How is what you offer with Manos Abiertas different?
It is unfortunate that respectful, empowering, and patient-based care is not the norm, but it is clear that when women find it they will not settle for anything less. Patients came to Manos Abiertas from across the country, taking 3 and 4 hour bus trips to seek care. Patients told stories of other clinics they had visited, where they never received results, where procedures and medications were not explained, where their birth control was unreliable and suddenly unavailable, and where they were c-sectioned unnecessarily. Low income Guatemalan women have not yet grasped that they deserve respect. Teaching them this fact is a big part of our work.
Manos Abiertas offers something different, and it is clear that it is needed. One of the most extraordinary things about Manos Abiertas is the home-birth atmosphere that they are able to offer to their clients. Women labor and birth in a quiet, comfortable, homey environment, surrounded by their family and friends (and sometimes half of the village.) They are able to deliver naturally, and usually go home to their family the next day. The new baby is celebrated and fussed over by the clinic staff, and the mom is at the center of all of the action.
What goals has Manos Abiertas already reached?
In our first clinic in Ciudad Vieja, we have attended over 1,700 clients so far. These are not people who come once out of curiosity, but women who decided that we will be their caregivers. Most of our propaganda is mouth to mouth.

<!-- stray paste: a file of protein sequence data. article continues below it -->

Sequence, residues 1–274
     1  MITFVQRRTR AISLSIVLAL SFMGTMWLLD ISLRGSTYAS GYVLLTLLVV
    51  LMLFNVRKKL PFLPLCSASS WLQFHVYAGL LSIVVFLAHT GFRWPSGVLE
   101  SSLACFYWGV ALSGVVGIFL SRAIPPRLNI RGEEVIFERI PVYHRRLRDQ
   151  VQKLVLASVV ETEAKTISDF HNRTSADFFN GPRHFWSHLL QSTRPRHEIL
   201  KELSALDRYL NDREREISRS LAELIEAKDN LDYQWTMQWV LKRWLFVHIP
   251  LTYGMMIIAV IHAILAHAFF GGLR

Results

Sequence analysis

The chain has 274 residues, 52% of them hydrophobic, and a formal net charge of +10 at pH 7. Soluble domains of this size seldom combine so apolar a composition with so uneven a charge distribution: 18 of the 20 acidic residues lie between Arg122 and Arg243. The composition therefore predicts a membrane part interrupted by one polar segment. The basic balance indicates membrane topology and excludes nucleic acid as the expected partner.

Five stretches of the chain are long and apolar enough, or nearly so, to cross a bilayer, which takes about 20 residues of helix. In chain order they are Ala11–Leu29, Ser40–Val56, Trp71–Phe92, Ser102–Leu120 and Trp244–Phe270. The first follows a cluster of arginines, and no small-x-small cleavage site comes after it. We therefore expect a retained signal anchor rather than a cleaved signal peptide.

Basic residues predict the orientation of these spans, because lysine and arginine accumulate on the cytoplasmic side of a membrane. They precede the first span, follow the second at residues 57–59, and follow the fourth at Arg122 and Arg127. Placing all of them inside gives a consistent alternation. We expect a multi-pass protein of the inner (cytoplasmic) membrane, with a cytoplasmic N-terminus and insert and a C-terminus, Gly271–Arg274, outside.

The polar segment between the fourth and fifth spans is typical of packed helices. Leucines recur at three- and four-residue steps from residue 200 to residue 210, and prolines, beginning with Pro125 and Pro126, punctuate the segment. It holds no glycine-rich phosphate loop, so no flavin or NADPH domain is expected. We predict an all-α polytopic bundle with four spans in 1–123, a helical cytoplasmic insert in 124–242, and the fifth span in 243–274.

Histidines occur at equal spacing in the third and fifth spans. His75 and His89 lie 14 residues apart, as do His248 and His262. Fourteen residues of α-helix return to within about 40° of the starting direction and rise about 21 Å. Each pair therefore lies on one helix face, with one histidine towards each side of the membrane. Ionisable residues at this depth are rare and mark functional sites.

The offer to run a second clinic in Guatemala City was unexpected and quite a challenge. The clientele is very different but we are getting that clinic off the ground as well. There, we have made agreements to work in strategic alliance with other organizations, for example ICOS, an educational NGO that has been working in the country for 20 years and is supported by the USAID, and with the municipality of Guatemala City. Now we are looking into an alliance with the veteran's organization in order to educate families of former soldiers as well as soldiers' widows. All these organizations approached us about midwifery and health promoters' training as well as about sex education for adolescents, a program that should be taught by the government but is not.